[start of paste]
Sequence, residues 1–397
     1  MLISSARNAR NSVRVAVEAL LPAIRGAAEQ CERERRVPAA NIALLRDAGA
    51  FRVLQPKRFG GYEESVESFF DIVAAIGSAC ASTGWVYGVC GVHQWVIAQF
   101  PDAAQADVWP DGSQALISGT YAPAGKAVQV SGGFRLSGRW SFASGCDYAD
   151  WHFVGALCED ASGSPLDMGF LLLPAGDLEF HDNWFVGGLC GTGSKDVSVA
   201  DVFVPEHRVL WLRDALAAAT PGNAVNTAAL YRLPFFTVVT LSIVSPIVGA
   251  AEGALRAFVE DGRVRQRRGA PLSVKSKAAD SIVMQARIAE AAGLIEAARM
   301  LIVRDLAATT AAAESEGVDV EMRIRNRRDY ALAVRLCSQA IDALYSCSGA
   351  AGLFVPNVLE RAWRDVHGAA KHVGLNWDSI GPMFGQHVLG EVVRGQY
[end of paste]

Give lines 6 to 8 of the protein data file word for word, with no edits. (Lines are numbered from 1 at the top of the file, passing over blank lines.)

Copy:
   201  DVFVPEHRVL WLRDALAAAT PGNAVNTAAL YRLPFFTVVT LSIVSPIVGA
   251  AEGALRAFVE DGRVRQRRGA PLSVKSKAAD SIVMQARIAE AAGLIEAARM
   301  LIVRDLAATT AAAESEGVDV EMRIRNRRDY ALAVRLCSQA IDALYSCSGA